"I don't care where this pleasant road is going."
-- a quoted by Lea Zinke
On New Year's Eve, I asked some online friends for their favorite places to find inspirational and motivational quotes. You see, I'm one of those people who loves pens and paper so much that I like to either make or decorate my own calendar. . . and it doesn't have to be for the beginning of a new year, sometimes I just get a new notebook and pens and doodle away, happily making my own combination calendar/to-do list. This time I bought an actual calendar/planner and want to fill it with quotes and doodles and ramblings and such. Thanks to BeadRaven Lauren, now I have some more sites to delve into for great quotes, and I will be sharing them with you on another day.
Today, though, this quote of Lea's is tugging on the elbow of my writing muse, insisting on just a little bit of attention!
I don't care where this pleasant road is going.
Isn't that a wonderful, carefree way to look at the world? Where does that thought take you? Me? It takes me back to my early twenties and an ivy green-gold Camaro that was almost as old as I was. The feeling in that simple V-6 version of a boy's muscle car was still one of power and freedom, but in a more open and feminine way, now that I think about it. Sitting low in the seat, surrounded by that soft ivy color interior and the glow of sunshine diffusing through the wide expanse of windows, driving along the interstate on a summer day, listening to Creedence Clearwater Revival or maybe the Cardinals game as I got closer to Illinois, I was simply enjoying that pleasant road.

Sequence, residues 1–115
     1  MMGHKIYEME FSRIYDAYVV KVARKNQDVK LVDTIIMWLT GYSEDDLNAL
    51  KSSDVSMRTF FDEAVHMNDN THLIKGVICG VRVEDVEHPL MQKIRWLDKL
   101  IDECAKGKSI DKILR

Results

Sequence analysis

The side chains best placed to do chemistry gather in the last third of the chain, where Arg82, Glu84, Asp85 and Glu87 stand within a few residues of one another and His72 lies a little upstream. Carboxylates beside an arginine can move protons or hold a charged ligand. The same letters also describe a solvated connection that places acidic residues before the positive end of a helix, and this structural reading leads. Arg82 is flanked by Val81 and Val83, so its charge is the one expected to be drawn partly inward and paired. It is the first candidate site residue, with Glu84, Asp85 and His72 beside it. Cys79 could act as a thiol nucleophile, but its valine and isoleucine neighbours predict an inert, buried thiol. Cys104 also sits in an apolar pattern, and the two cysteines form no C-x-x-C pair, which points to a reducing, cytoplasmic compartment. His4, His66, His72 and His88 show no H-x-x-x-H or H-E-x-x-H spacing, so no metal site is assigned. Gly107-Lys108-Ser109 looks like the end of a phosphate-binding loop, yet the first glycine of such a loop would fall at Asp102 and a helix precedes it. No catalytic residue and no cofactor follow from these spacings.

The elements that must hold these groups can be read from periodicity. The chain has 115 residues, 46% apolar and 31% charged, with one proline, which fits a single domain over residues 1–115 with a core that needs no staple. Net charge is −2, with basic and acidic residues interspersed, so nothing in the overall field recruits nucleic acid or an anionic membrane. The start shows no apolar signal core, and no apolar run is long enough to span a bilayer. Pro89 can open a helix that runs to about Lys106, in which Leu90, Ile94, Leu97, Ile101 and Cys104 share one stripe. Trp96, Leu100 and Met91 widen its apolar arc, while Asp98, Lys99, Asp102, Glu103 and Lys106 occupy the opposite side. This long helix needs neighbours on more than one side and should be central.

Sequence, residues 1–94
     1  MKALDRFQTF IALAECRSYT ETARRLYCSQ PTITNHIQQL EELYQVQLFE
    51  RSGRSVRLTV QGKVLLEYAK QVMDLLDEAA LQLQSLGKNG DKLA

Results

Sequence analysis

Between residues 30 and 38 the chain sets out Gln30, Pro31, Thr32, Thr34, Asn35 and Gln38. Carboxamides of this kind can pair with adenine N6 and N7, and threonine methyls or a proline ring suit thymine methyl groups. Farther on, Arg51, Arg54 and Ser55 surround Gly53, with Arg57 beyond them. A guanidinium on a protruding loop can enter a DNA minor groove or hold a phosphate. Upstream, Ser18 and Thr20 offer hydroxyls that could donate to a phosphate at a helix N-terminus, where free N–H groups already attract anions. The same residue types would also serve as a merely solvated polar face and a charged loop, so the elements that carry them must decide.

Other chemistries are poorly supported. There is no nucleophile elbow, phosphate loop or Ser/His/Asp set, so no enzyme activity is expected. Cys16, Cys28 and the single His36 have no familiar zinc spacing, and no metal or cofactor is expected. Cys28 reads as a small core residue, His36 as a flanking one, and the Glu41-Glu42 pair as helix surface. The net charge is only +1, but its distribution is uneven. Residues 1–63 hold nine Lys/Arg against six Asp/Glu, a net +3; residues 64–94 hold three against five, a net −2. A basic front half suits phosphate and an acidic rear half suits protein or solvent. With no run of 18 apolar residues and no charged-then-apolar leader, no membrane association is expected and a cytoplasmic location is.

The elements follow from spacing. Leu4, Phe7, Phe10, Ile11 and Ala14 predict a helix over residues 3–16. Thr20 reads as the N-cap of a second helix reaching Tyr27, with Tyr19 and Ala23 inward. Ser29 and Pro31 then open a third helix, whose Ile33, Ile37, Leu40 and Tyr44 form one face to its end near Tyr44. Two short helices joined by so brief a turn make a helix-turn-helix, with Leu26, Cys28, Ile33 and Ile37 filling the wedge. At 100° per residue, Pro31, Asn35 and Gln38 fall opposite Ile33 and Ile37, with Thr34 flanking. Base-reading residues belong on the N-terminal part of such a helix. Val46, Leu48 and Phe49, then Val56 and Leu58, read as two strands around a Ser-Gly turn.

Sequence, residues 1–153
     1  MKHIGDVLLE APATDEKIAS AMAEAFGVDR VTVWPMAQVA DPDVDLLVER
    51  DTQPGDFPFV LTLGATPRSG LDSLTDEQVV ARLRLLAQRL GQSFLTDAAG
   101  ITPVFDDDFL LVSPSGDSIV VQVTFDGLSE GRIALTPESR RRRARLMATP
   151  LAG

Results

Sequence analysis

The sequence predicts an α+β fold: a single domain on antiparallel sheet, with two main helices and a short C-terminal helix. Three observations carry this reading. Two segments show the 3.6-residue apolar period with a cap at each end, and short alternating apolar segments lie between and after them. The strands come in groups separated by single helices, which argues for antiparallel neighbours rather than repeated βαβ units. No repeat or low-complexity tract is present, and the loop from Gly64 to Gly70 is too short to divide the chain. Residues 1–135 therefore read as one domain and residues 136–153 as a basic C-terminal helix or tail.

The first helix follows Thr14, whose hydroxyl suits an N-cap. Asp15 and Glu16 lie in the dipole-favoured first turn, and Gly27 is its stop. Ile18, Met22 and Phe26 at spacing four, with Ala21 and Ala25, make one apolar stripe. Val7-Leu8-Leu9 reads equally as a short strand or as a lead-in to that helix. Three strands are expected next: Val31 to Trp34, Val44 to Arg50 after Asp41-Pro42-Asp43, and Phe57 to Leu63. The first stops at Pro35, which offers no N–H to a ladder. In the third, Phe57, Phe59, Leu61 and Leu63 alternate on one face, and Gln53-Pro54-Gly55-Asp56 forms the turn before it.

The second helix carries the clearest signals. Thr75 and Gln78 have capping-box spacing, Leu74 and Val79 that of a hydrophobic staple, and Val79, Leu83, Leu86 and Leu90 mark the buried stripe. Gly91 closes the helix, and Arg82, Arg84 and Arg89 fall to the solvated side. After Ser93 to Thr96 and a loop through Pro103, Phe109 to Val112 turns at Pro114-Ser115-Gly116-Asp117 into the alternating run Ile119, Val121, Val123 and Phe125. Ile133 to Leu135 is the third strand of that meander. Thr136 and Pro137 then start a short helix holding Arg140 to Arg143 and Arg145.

I don't care where this pleasant road is going. . . Sitting at the kitchen table with James and Kate, our fresh new notebooks and calendars open, looking for the "five silly scents fun-smelling markers" in the brand new pack of 20 Crayola markers, explaining the meaning of Memorial Day and Labor Day, marking birthdays in June and May, drawing scrolling vines and plush flowers along the border of the first page of January, watching Kate color the flowers she wanted drawn in her notebook, laughing at James' delight in knowing his birthday falls on a holiday, I was simply enjoying that pleasant road.
I don't care where this pleasant road is going. . . sitting in the porch swing at Grandma and Granddaddy's, scooching over to make room for Susie and Rose and Doris Jean and maybe William Lee, swinging high as we can, singing "Let Me Be There" or "Delta Dawn" at the top of our lungs as we stand up on the "stage" made by the wide porch rail, I was simply enjoying that pleasant road.
I don't care where this pleasant road is going. . . wonder where it will take me today?